[Note 6] Chapter 150E, Section 8, of the General Laws makes binding arbitration of public employee labor disputes enforceable under the provisions of G. L. c. 150C. Accordingly, a successful party to arbitration may bring an action in Superior Court to confirm the award, G. L. c. 150C, Section 10, or a losing party may seek in the same forum to vacate the award for any of five enumerated grounds, one of them being, as contended here, that the "arbitrator ... exceeded [his] powers or rendered an award requiring a person to commit an act or engage in conduct prohibited by state or federal law." G. L. c. 150C, Section 11 (a) (3), inserted by St. 1959, c. 546, Section 1.

[Note 7] Although the collective bargaining agreement from which this dispute arose expired last year, we do not believe the issue is moot. Both parties indicate that the subject is one of continuing contention between them. Moreover, since the facts and circumstances of this case create a substantial likelihood of mootness prior to the completion of any future litigation of these same issues, First Nat'l Bank v. Haufler, 377 Mass. 209, 211 (1979), we think that the case could go forward, in any event, as one "capable of repetition, yet evading review." Karchmar v. Worcester, 364 Mass. 124, 136 (1973), quoting from Southern Pac. Terminal Co. v. ICC, 219 U.S. 498, 515 (1911). But see Commonwealth v. Lane's Furniture Co, 377 Mass. 873 (1979).

[Note 8] See Watertown Firefighters, Local 1347 v. Watertown, 376 Mass. 706 (1978); Doherty v. School Comm. of Boston, 363 Mass. 885 (1973); Chief of Police of Dracut v. Dracut, 357 Mass. 492 (1970). But see G. L. c. 150E, Section 7 (d), by which terms of collective bargaining agreements prevail over certain enumerated statutes.

[Note 9] See G. L. c. 150E, Section 10 (a) (5), making it a prohibited practice for a public employer to refuse to bargain collectively in good faith with the exclusive representative of its employees. See also Bellingham School Comm. & Bellingham Teachers Ass'n, 5 M.L.C. 1480 (1978); Leominster School Comm. & Leominster Teachers Ass'n, 4 M.L.C. 1512 (1977); Andover & Local 1658, 4 M.L.C. 1086 (1977); Danvers & Local 2038, IAFF, 3 M.L.C. 1559 (1977).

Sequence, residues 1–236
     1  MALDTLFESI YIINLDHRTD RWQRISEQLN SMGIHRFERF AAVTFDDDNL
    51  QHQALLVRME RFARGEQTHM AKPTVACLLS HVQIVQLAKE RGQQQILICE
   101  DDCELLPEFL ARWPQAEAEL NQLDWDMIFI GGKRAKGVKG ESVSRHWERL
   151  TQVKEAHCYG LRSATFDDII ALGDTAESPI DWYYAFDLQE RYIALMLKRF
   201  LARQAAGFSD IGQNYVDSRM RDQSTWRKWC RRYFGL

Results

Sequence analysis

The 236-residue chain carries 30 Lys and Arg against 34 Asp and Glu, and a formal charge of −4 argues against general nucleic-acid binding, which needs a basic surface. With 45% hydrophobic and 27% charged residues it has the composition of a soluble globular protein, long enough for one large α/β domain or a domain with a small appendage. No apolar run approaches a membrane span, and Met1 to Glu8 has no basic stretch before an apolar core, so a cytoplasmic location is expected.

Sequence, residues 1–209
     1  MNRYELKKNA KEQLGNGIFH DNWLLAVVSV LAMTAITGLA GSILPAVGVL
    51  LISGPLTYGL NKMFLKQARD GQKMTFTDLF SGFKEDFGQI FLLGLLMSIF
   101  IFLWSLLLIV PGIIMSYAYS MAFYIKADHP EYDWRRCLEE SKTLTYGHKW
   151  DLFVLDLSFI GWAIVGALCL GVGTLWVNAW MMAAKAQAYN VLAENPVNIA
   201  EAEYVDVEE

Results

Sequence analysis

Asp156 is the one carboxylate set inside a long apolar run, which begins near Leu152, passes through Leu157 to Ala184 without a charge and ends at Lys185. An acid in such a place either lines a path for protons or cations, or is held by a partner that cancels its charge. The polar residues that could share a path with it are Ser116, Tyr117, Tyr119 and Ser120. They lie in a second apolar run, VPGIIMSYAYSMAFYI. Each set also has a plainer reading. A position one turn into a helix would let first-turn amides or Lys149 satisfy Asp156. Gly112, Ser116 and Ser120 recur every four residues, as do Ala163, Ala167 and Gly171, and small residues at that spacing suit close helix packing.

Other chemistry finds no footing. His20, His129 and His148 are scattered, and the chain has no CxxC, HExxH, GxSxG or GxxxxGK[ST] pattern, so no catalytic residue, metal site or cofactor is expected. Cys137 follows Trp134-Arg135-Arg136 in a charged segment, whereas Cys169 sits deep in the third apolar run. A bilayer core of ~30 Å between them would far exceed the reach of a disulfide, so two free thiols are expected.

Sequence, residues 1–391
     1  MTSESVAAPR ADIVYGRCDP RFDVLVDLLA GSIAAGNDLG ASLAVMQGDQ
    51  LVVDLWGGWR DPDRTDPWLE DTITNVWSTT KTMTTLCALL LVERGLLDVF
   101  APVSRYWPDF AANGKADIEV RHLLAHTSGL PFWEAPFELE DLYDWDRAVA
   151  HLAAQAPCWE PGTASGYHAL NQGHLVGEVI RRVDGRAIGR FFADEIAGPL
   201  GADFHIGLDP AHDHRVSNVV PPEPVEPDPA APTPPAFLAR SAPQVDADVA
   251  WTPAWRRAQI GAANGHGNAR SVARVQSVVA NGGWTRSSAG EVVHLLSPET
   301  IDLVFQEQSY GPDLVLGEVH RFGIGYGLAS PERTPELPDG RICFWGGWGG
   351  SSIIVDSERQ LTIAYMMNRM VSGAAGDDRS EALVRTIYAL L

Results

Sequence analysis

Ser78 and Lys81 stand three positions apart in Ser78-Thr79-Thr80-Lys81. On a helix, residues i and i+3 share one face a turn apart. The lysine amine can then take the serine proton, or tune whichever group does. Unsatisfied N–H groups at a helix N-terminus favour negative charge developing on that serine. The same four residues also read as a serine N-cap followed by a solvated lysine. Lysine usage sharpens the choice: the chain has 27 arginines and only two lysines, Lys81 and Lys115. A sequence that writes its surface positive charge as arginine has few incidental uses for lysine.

[Note 10] E.g., Berkshire Hills Regional School Dist. Comm. v. Berkshire Hills Educ. Ass'n, 375 Mass. 522 (1978); School Comm. of Southbridge v. Brown, 375 Mass. 502 (1978); School Comm. of Burlington v. Burlington Educators Ass'n., 7 Mass. App. Ct. 41 (1979).

[Note 11] E.g., Watertown Firefighters, Local 1347 v. Watertown, supra; School Comm. of W. Springfield v. Korbut, 373 Mass. 788 (1977).

[Note 12] Of course, the Legislature is free specifically to define or enumerate the proper subjects for public sector collective bargaining. See Cal. Gov't Code Section 3543.2 (Deering 1979); Haw. Rev. Stat. Section 89-9(d) (1976). To date, it has failed to do so. See generally Sackman, Redefining the Scope of Bargaining in Public Employment, 19 B.C.L. Rev. 155 (1977).

[Note 13] See also T. van Geel, Authority to Control the School Program 126-127 (1976): "The basis of the power of the public sector unions is the fact that they are organized and active; [that] public officials are often anxious to avoid the disruption of public services; [that] public officials have an incentive to give away much to unions to gain their political support at election time, especially when much of what is given away may be unknown to the public or only have economic and political implications long after these particular officials have left office; and ... that other political groups are often not as organized and have [less] political resources than the unions. Thus, given the power of the unions, to broadly define the scope of negotiations runs the risk of permitting unions to determine the nature and quality of the public service to be offered, an issue of great concern to the community at large and especially to parents in the case of public education."

[Note 14] Berkshire Hills Regional School Dist. Comm. v. Berkshire Hills Educ. Ass'n, supra.

[Note 15] School Comm. of Danvers v. Tyman, 372 Mass. 106 (1977).

[Note 16] School Comm. of Braintree v. Raymond, 369 Mass. 686 (1976). School Comm. of Hanover v. Curry, 369 Mass. 683 (1976).

[Note 17] We note that the State Labor Relations Commission has adopted this view. Groton School Comm. & Groton Teachers Ass'n, 1 M.L.C. 1221 (1974).

[Note 18] We express no opinion on this question.